At least 100 migrants missing off the coast of Libya
The bodies of three babies were recovered while around 100 people are feared dead after a migrant boat sank off the coast of Libya on 29 June, according to Agence France-Presse (AFP), which obtained eyewitness accounts from 16 survivors.
Libyan coastguard spokesman Ayoub Qassim quoted a Yemeni survivor, who reported that the boat carried around 120-125 migrants before it capsized.
The boat had set off from the Libyan coast before dawn. A few hours later there was an explosion on board, after which the motor caught fire and the vessel began taking on water, survivors told AFP.
A 26-year-old Yemeni survivor, Amti Swileh, said, “When I saw the number of people on the boat, I refused to get on board, because we had been told that we would be 20 (passengers).” Swileh said the smugglers forced him onto the boat. “I saw people burn,” he said. “I lost all of my Yemeni friends who were with me. All five of them are missing.”
“People were saying to the captain to go back to Libya but by then our engine exploded. So many people were wounded,” 32-year-old Gambian Bakari Badi said.
Fishermen, who had spotted the boat in distress, notified the Libyan coastguard. The Open Arms rescue ship’s head of mission, Ricardo Canardo, said they had intercepted a radio transmission at about 8 a.m. between European military officials and the Libyan coastguard, giving details of a rubber boat in distress with at least 100 migrants onboard. Despite this fact, an official distress signal was only received by boats in the region 90 minutes later.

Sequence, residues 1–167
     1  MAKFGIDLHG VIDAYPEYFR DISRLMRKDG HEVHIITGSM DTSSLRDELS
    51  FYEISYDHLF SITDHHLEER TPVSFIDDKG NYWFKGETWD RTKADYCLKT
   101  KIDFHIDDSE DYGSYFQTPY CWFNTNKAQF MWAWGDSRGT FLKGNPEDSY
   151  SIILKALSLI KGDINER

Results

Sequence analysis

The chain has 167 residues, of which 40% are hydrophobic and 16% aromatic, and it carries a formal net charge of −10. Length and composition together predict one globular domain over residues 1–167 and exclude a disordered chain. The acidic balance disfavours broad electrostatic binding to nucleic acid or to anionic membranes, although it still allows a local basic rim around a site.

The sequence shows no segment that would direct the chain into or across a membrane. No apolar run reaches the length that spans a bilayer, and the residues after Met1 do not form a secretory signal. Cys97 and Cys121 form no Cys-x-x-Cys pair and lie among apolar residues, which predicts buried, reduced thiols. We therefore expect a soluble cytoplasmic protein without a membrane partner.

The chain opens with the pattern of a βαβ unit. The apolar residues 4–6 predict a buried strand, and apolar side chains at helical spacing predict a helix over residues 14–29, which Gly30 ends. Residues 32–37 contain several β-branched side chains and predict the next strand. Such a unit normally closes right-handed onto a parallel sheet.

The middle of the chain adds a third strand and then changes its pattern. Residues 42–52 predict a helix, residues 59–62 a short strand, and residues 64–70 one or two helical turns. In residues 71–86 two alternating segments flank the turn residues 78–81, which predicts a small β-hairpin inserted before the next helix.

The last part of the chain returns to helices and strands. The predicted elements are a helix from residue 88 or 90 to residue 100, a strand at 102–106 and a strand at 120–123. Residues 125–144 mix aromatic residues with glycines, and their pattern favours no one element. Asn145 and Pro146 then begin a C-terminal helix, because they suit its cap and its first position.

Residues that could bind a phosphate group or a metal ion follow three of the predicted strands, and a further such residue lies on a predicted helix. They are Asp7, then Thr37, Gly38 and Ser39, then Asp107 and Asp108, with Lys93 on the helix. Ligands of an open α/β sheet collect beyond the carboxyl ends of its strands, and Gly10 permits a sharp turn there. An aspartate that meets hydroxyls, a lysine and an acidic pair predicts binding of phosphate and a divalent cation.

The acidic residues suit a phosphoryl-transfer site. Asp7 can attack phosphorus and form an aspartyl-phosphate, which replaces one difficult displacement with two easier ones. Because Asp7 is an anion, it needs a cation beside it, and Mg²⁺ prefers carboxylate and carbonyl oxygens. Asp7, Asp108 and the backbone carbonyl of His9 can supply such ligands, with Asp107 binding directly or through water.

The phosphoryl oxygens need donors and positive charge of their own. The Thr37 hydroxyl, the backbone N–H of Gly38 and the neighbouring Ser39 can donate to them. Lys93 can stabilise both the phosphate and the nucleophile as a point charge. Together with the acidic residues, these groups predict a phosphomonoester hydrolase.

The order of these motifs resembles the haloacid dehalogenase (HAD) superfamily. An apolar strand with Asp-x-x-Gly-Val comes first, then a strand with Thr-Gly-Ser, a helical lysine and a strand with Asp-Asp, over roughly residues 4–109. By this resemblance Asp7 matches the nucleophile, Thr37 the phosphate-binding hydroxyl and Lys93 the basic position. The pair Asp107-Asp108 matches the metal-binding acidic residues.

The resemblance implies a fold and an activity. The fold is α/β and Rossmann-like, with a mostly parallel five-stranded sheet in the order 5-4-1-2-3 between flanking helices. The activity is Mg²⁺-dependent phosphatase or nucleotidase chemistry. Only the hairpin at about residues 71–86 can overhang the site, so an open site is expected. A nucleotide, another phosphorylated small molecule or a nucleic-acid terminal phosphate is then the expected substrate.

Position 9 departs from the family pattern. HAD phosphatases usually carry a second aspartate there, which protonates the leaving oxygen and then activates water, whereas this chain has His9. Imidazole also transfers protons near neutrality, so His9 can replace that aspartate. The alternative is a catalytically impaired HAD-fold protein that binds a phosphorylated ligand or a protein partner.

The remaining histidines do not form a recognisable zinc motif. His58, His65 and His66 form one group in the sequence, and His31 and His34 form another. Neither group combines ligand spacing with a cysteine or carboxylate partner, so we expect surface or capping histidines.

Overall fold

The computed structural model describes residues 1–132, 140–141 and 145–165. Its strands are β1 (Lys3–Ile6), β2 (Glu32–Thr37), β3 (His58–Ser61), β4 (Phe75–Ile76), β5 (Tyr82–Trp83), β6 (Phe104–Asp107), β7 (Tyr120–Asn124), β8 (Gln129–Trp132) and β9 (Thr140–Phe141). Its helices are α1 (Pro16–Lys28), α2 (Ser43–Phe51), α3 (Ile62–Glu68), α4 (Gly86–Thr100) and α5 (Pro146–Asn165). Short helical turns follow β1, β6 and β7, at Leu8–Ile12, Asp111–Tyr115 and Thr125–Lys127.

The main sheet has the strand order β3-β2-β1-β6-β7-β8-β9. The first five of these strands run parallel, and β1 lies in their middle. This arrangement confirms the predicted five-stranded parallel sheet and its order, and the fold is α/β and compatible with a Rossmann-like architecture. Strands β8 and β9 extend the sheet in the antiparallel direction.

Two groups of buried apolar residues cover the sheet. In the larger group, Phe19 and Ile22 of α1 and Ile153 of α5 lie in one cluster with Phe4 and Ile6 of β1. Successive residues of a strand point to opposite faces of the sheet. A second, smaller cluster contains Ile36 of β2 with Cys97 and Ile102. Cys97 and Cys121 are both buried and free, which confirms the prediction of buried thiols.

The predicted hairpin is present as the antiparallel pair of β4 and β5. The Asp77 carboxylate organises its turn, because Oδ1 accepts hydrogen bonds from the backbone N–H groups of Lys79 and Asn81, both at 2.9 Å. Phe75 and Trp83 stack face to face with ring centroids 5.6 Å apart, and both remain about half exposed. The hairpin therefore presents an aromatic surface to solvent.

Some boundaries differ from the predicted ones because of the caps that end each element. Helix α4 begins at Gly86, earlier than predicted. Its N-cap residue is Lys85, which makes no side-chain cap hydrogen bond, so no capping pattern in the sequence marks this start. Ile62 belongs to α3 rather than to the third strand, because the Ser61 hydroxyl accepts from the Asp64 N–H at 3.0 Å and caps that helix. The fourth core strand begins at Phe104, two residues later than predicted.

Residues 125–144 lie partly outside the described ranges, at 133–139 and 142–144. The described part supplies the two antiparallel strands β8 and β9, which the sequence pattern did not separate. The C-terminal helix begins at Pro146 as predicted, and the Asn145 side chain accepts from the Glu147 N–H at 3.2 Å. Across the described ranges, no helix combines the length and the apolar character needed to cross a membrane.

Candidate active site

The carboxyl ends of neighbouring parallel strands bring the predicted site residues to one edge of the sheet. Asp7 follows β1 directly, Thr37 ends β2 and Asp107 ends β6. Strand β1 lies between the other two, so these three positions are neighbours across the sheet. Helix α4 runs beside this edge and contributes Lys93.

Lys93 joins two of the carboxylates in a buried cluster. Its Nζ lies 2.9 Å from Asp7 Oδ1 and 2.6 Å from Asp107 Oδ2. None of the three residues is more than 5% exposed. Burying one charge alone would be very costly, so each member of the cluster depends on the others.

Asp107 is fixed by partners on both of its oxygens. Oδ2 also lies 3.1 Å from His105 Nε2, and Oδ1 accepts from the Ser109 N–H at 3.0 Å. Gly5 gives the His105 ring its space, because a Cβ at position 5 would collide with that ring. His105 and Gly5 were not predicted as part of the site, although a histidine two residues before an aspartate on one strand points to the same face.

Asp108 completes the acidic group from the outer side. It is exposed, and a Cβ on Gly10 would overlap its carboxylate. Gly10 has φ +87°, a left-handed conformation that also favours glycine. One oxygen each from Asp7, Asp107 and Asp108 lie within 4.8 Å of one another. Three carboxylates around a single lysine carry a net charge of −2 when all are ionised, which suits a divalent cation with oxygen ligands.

When Open Arms called the Maritime Rescue Co-ordination Centre in Rome to offer help, officials there said the Libyan coastguard had the situation covered and that no assistance was needed. “We suspect it is the same people,” Canardo said.
The Libyan coastguard was forced to abandon most of the bodies of migrants who died in the shipwreck “for lack of resources”, a coastguard captain said.
Kobrem, a 17-year-old survivor, said he clung to a rope attached to the wrecked boat for two hours until rescuers arrived. “I saw people die: babies, children, women, men,” he said.
The passengers included several Moroccan families, none of whom survived, as well as Syrian and Sudanese citizens.
The deaths came as EU leaders, following overnight talks in Brussels, agreed to consider setting up “disembarkation platforms” outside the EU in a bid to discourage migrants boarding EU-bound smuggler boats.
Meanwhile, Italy’s interior minister Matteo Salvini announced that Italian ports would be closed “all summer” to migrant rescue ships.
“The NGOs will only see Italy on a postcard,” Mr Salvini said. “The ports will be closed all summer.” The government has also banned “the furnishing of fuel to the NGOs.”
“As the Italian military tells me as well as the Libyans, the NGOs help traffickers, consciously or not,” said Mr Salvini.
TMP – 27/07/2018